United States District Court, W.D. Michigan, Southern Division
T. NEFF UNITED STATES DISTRICT JUDGE
a civil action brought by a federal prisoner. The Court has
granted Plaintiff leave to proceed in forma
pauperis. Under the Prison Litigation Reform Act, Pub.
L. No. 104-134, 110 Stat. 1321 (1996), the Court is required
to dismiss any prisoner action brought under federal law if
the complaint is frivolous, malicious, fails to state a claim
upon which relief can be granted, or seeks monetary relief
from a defendant immune from such relief. 28 U.S.C. §
1915(e)(2). The Court must read Plaintiff's pro
se complaint indulgently, see Haines v. Kerner,
404 U.S. 519, 520 (1972), and accept Plaintiff's
allegations as true, unless they are clearly irrational or
wholly incredible. Denton v. Hernandez, 504 U.S. 25,
33 (1992). Applying these standards, Plaintiff's action
will be dismissed for failure to state a claim.
is presently incarcerated for a term of twelve months at
Federal Correctional Institution-Miami following his
admission of guilt to violation of the terms of his
supervised release. Plaintiff's supervised release was
conditioned upon him staying at a residential reentry center,
in this instance the Kalamazoo Probation Enhancement Program
(KPEP) in Kalamazoo, Michigan. Plaintiff's supervised
release was also conditioned on him participating in mental
health treatment and sex offender treatment. Plaintiff
participated in the KPEP treatment programs while he resided
there. He continued with the KPEP treatment programs after he
obtained employment and moved into independent housing.
a private non-profit Michigan corporation. KPEP describes its
mission as follows:
KPEP began in the fall of 1980 to provide a live-in residence
for those individuals who need more structure than regular
probation provides, but where extended jail time is not
judged necessary. The goal of KPEP is to show the residents
that they can become independent, contributing members of
society. The organization works closely with all aspects of
the criminal justice system, including local law enforcement
departments, corrections and probation departments, and
various circuit court judges.
Over the years, the populations served by KPEP have changed
and now include: felony probationers, state parolees, Drug
Treatment Court participants, SAI probationers and parolees,
federal inmates, federal probationers, and clients who are
currently on federal pre-trial status.
See http://kpep.com/about. Plaintiff sues three KPEP
employees: Elizabeth Carey and Amanda Terburg,
Plaintiff's outpatient therapists at KPEP, and Ann Web,
complaint is not a model of clarity. Plaintiff alleges that
on January 2017, Defendant Carey was leading a group therapy
session that included Plaintiff. He claims that she responded
inappropriately to Plaintiff's statements at the session.
He claims further that Defendant Carey revealed confidential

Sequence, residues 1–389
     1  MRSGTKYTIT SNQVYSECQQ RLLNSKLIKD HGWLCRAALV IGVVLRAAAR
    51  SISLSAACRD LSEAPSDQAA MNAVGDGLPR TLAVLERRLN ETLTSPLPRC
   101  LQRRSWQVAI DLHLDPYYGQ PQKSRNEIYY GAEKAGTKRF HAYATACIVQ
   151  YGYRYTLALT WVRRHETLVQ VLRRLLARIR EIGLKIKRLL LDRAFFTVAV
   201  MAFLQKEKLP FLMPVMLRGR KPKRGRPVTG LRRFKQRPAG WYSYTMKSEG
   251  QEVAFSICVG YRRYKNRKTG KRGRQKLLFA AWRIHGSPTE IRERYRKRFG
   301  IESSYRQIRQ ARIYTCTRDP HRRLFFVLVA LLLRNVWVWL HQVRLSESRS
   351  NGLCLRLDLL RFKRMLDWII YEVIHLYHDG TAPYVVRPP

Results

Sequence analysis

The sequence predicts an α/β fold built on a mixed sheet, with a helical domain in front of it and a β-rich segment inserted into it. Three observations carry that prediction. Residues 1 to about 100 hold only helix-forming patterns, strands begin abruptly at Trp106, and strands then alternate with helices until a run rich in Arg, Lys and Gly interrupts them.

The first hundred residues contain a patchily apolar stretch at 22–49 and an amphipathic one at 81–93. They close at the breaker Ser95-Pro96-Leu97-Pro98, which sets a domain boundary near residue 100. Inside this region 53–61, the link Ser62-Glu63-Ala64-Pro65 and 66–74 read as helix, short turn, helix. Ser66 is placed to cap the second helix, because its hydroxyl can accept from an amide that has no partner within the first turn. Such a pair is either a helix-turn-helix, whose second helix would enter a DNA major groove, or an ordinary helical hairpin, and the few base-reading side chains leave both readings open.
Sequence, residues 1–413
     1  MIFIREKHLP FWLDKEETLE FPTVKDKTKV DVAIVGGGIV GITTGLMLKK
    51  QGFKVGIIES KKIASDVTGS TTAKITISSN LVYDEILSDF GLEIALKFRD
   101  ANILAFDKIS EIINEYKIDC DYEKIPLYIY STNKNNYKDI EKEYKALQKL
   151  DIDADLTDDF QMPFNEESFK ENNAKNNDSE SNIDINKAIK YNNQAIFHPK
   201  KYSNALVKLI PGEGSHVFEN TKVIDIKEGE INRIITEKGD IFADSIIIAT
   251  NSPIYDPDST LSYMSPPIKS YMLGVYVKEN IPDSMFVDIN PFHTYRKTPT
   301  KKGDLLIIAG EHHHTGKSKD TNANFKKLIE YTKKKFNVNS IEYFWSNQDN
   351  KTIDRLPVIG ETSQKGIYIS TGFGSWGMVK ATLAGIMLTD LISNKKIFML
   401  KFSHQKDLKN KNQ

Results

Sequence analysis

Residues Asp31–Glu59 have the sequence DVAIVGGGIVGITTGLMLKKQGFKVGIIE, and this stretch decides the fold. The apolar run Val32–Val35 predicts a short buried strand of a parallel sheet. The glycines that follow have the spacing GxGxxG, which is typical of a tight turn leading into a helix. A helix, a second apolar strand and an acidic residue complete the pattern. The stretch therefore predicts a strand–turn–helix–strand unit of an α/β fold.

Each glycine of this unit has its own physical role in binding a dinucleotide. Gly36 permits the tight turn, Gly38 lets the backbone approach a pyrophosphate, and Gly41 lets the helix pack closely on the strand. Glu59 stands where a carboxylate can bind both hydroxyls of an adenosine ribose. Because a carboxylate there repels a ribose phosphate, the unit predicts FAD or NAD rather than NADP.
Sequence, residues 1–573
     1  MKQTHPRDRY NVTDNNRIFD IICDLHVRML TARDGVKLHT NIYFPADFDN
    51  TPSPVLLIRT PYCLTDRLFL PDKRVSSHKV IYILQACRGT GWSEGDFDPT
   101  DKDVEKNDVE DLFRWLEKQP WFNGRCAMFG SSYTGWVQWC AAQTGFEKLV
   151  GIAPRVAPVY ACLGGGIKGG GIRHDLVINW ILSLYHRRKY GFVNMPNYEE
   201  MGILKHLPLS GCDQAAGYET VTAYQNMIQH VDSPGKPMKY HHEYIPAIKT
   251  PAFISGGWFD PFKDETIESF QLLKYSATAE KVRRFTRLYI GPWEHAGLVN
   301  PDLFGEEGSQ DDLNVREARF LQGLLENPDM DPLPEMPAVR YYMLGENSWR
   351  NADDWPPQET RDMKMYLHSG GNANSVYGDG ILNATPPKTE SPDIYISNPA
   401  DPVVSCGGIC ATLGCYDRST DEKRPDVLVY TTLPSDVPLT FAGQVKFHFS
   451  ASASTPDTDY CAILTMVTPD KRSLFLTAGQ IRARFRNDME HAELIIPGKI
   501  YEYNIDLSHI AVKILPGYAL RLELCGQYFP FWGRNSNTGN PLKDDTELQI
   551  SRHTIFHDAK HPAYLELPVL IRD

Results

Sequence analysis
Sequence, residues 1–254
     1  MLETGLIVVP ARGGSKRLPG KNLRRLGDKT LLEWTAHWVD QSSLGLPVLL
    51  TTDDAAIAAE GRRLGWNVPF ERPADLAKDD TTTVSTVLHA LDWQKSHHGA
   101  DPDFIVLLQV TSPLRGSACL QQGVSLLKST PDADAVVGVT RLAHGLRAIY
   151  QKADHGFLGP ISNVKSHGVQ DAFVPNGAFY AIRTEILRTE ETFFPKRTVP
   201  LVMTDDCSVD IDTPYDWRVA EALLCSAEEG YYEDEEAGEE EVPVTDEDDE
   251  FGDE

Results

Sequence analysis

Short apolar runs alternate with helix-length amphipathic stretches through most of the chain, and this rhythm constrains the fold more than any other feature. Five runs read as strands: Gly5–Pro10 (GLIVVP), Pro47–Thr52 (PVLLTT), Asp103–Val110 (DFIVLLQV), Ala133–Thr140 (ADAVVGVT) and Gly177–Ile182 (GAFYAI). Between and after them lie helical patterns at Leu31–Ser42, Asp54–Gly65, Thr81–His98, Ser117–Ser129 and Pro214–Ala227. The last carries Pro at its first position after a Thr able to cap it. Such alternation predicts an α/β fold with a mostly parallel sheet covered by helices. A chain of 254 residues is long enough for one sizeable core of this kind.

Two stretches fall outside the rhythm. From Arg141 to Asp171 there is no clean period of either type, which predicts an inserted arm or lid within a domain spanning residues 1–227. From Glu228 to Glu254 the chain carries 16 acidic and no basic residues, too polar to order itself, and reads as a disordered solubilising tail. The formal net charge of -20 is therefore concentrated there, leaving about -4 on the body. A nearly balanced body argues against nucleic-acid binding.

information about Plaintiff to a member of another therapy
Terburg led the next group therapy session. Plaintiff claims
that she too acted inappropriately with respect to
Plaintiff's treatment in the session. Plaintiff claims
both therapists lied in Plaintiff's treatment file and
that the lie was used to establish Plaintiff's violation
of the terms of his release. Plaintiff claims that they have
libeled and slandered him. Plaintiff makes no allegations
against Defendant Web other than stating she supervises
Defendants Carey and Terburg.
seeks substantial monetary damages, retraction of the
libelous and slanderous statements, as well as law
enforcement investigation of Defendant Web and KPEP.
to state a claim
complaint may be dismissed for failure to state a claim if it
fails “‘to give the defendant fair notice of what
the . . . claim is and the grounds upon which it
rests.'” Bell Atl. Corp. v. Twombly, 550
U.S. 544, 555 (2007) (quoting Conley v. Gibson, 355
U.S. 41, 47 (1957)). While a complaint need not contain
detailed factual allegations, a plaintiff's allegations
must include more than labels and conclusions.
Twombly, 550 U.S. at 555; Ashcroft v.
Iqbal, 556 U.S. 662, 678 (2009) (“Threadbare
recitals of the elements of a cause of action, supported by
mere conclusory statements, do not suffice.”). The
court must determine whether the complaint contains
“enough facts to state a claim to relief that is
plausible on its face.” Twombly, 550 U.S. at
570. “A claim has facial plausibility when the
plaintiff pleads factual content that allows the court to
draw the reasonable inference that the defendant is liable
for the misconduct alleged.” Iqbal, 556 U.S.
at 679. Although the plausibility standard is not equivalent
to a “‘probability requirement, ' . . . it
asks for more than a sheer possibility that a defendant has
acted unlawfully.” Iqbal, 556 U.S. at 678
(quoting Twombly, 550 U.S. at 556). “[W]here
the well-pleaded facts do not permit the court to infer more
than the mere possibility of misconduct, the complaint has
alleged - ...